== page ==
The second impact panel was with Seth Bannon from Fifty Years, David Helgason from Unity, Sofia Hmich of Future Positive Capital, and Sarah Sclarsic from Voyager. They mainly spoke about the evolution of impact investing over time, geographical differences between Europe and the US, as well as what they were most excited about (hint: quite a lot!).
Impact TAM is the entire world. Sarah pointed out the impact TAM (regardless of hype throughout 2021-22) is still larger than any other segment, with the size of the ‘entire world’. As we’d heard with the second-hand market speakers earlier, the TAM can be expanded a second or third time by increasing lifecycles beyond single use.
Three shades of impact. Seth mentioned three stages of impact. The first is decarbonisation: taking carbon out of existing processes such that future processes emit less (or no) carbon. The second is capture, where companies take carbon out of the air, which has already been emitted. The third is adaptation, which looks at solutions to live with climate change. Most VC funds focus on the first two of these.
The Mr. Burns test. Another thing Seth mentioned was 50 Years’ ‘Mr. Burns’ test. A notorious Simpsons character, Mr. Burns is famous for being an individualistic, greedy capitalist. 50 Years uses this test to see how their portfolio companies’ products fare against incumbents. A traditional sustainability view might tell you that consumers value sustainability just as much, if not more, than pricing. But most of the data shows that those consumers are in the minority. By creating a sustainable produce that even Mr. Burns would choose, companies can create scalable mass-market solutions that have sustainability as an ‘add-on’ rather than primary purchasing driver.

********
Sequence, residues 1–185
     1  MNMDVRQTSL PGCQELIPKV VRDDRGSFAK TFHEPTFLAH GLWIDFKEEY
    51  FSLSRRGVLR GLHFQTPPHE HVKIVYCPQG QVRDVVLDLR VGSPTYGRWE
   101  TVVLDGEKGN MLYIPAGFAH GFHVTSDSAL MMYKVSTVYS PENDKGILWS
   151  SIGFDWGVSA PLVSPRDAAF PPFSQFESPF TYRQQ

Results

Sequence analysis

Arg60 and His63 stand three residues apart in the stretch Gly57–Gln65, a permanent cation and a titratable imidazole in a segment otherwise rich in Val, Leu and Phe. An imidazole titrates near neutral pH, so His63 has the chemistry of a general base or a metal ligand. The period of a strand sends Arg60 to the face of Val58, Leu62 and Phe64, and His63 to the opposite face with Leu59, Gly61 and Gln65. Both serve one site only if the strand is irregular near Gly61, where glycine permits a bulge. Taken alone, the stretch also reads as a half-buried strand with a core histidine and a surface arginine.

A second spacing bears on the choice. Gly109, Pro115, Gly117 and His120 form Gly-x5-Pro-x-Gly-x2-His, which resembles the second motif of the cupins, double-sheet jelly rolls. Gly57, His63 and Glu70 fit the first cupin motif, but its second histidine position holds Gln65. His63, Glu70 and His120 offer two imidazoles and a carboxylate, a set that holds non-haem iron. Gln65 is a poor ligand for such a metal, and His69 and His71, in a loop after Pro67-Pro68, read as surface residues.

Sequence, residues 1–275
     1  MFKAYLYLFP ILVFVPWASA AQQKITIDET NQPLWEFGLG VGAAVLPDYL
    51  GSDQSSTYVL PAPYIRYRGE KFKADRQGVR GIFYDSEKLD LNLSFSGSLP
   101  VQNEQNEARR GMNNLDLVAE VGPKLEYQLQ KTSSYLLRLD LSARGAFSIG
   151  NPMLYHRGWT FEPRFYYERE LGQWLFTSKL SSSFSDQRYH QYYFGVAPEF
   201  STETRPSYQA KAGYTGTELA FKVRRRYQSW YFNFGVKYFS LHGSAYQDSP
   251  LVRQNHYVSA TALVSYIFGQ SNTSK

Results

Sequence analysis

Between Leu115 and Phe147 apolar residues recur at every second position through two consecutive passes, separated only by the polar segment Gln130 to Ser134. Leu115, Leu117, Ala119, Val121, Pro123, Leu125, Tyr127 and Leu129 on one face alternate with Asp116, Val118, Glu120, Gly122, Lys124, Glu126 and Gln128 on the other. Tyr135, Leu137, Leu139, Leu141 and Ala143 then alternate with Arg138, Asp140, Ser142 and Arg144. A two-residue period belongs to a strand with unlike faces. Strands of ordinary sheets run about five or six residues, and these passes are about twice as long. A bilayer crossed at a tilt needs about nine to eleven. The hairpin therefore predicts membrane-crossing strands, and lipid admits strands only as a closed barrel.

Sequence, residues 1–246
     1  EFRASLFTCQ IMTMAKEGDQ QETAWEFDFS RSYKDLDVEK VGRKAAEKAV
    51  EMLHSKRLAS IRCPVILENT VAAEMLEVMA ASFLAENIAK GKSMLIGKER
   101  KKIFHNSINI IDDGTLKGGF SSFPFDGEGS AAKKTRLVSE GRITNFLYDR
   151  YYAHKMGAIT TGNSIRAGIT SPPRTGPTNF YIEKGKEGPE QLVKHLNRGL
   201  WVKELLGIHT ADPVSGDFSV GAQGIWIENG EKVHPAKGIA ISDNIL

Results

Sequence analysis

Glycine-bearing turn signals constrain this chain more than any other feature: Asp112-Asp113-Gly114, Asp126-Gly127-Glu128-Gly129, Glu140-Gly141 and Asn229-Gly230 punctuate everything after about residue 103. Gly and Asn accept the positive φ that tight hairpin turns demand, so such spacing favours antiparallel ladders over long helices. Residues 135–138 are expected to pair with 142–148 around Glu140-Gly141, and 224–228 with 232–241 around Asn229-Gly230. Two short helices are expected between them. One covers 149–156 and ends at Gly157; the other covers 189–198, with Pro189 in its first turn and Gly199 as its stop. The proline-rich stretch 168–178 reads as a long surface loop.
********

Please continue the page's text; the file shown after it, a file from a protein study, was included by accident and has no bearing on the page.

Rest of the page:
Climate as a global good. There was some talk around how to measure impact. Voyager has a target of 500m tonnes of CO2 during the lifetime of the fund. This can also be used in CO2 equivalent gasses such as methane. However there was also talk of climate impact as a global good beyond CO2 emissions. Impact shouldn’t always be measured at the micro or output level, and should be thought of as being fairly redistributed to all as a global good over time.
3 Key Charts 📊
1. Unpacking emissions sources from the FIFA World Cup
2. Not all tech companies are laying workers off (but most are)
3. Charting global energy prices - Europe in the
Deal Capture 💰
Deals in the impact space across the UK and Europe
Air quality platform Airly raised a $6m Series A round. Included firstminute capital and Pi Labs.
Cambridge GaN Devices
Fabless semiconductor company CGN raised £16m. Led by Parkwalk Advisors and BGF.
Dutch blockchain startup Circularise raised €11 million Series A funding. Led by Brightlands Venture Partners.
Agtech company Nofence raised a 130m NOK round. Led by Ferd and Sandwater.
Genetic disease therapeutics company SharpTx raised £3m. Included Kima Ventures, Proxy Ventures, and Headline Ventures.
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Thanks for another great article. The 3 shades of impact: “The third is adaptation, which looks at solutions to live with climate change.” In your opinion, what might these solutions look like? Are there insufficient businesses looking at this angle?